Dead whale found in Boston Harbor now drifts toward sea

Story highlights

  • Dead Finback whale found floating in Boston Harbor over the weekend
  • Measuring more than 50-feet long, the whale began to drift toward sea
Officials may never know what killed a whale found floating in Boston Harbor as tides began to carry it toward the sea on Monday.
The whale, a member of the endangered Finback family, measures more than 50-feet long. It was discovered on Sunday and was seen in harbor waters close to downtown at one point.
But it has since floated away from shore and there was a strong chance the tides would carry it to the Atlantic Ocean, said New England Aquarium spokesman Tony LaCasse.
LaCasse said the cause of death was unknown and the plan was to let the whale drift out to sea.
While whale sightings in Boston Harbor have occurred in the past, dead whales in those waters are uncommon, Coast Guard Petty Officer Robert Simpson said.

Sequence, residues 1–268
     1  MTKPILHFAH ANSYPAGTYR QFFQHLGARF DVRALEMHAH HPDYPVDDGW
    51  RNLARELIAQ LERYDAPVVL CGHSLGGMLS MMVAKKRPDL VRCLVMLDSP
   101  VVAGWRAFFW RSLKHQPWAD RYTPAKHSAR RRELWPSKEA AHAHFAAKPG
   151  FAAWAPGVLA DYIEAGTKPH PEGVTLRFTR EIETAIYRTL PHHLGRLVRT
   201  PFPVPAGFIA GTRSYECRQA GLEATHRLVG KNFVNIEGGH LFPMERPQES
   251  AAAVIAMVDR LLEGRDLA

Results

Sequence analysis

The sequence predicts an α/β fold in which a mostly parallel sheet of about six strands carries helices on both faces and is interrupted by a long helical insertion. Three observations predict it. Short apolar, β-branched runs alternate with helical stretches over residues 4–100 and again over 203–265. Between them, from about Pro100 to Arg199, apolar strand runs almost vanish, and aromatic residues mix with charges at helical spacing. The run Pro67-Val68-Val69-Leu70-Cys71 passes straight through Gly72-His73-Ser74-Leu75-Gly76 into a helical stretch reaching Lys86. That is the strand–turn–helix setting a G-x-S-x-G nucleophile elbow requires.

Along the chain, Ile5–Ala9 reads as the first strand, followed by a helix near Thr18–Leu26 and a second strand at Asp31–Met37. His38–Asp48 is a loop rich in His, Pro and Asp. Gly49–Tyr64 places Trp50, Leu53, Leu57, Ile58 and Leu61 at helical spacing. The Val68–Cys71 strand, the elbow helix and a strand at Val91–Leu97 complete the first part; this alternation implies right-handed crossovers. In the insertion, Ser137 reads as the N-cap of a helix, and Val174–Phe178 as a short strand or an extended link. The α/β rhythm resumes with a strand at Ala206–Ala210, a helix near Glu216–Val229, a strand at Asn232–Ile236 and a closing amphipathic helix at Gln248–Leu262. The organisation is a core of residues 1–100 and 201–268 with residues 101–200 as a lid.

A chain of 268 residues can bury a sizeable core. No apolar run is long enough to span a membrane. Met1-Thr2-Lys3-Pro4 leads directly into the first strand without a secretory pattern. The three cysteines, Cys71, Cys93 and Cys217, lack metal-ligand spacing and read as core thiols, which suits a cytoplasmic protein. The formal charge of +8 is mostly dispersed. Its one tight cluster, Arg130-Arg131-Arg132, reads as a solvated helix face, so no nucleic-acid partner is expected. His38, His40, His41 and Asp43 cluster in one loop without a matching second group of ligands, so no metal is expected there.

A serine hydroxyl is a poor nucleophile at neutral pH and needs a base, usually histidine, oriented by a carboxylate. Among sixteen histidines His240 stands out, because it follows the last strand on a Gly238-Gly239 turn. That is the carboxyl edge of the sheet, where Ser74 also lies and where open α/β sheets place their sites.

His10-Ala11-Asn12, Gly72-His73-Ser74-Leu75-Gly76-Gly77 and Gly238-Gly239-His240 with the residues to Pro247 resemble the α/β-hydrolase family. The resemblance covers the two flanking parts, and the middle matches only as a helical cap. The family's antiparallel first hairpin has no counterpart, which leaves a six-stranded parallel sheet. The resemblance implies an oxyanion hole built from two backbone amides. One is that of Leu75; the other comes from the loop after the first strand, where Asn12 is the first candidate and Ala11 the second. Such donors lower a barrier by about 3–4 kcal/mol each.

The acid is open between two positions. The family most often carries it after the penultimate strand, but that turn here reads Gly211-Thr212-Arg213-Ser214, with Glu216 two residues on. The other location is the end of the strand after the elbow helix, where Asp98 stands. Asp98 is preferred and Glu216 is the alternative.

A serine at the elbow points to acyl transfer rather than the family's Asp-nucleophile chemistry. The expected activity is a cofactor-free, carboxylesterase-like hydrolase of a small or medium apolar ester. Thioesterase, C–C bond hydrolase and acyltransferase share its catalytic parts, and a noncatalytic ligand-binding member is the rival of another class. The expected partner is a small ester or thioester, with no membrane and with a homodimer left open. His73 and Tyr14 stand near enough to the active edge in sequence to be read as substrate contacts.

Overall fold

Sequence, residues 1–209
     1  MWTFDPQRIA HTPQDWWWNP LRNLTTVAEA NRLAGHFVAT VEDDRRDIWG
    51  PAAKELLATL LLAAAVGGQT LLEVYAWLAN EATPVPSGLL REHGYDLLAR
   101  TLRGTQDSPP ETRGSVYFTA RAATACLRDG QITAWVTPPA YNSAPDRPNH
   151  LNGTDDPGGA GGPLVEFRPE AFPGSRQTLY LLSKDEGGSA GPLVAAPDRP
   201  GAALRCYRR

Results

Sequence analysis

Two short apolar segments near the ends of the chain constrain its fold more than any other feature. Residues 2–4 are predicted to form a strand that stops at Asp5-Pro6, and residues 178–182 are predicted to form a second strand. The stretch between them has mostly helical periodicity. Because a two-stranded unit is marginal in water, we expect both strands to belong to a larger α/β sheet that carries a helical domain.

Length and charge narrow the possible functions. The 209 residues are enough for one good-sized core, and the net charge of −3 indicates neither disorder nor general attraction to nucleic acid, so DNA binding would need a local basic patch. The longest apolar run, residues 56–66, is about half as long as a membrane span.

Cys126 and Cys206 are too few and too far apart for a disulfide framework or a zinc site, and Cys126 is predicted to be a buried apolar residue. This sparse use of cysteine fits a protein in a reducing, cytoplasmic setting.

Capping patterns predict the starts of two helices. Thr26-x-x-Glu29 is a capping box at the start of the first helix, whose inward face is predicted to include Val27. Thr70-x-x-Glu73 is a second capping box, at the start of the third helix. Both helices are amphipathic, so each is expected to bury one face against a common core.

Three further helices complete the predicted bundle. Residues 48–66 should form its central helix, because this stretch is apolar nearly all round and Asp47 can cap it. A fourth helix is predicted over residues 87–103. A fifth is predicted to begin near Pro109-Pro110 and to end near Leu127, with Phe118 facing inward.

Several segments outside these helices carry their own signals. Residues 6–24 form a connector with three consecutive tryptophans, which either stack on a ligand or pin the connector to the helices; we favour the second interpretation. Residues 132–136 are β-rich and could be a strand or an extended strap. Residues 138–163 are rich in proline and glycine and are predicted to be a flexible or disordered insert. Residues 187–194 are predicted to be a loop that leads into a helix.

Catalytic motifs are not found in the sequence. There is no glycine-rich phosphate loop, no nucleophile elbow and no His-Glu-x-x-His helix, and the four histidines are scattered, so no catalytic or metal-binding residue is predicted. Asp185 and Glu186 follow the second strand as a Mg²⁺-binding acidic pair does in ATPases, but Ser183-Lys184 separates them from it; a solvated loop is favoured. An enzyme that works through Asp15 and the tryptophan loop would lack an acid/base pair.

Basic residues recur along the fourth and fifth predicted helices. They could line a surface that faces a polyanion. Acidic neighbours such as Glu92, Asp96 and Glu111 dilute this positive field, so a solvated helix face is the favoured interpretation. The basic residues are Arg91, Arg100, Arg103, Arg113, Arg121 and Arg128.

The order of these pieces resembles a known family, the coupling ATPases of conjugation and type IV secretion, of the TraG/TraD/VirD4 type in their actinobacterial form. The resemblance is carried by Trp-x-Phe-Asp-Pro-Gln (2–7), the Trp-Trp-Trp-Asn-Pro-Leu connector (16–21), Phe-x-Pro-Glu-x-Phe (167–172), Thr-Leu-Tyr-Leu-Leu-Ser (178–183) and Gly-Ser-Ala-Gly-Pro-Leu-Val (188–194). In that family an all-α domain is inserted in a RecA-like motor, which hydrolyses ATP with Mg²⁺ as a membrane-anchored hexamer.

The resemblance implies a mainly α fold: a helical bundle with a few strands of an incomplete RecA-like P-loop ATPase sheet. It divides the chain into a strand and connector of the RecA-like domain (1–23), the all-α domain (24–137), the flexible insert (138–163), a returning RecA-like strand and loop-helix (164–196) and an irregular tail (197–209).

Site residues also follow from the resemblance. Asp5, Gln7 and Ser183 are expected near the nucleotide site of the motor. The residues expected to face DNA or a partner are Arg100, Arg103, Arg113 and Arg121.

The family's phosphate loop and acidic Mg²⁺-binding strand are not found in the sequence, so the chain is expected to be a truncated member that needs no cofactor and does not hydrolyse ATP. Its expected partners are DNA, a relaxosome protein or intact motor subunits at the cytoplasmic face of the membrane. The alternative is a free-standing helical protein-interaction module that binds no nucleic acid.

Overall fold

"That usually happens out at sea," he said.
Connie Barclay, spokeswoman for the National Marine Fisheries Service, said whales can get tangled in fishing lines or be struck by ships, in addition to dying from natural causes.
For officials to determine a cause of death in this case, the whale first would have to wash ashore. That would enable experts to conduct a necropsy, or an autopsy for animals.
The Finback is the second-largest whale in the sea and is on the endangered species list because of Japanese whaling, LaCasse told CNN.
A dead Finback washed up on a New Jersey beach earlier this year. Officials suspected that whale was hit by a ship.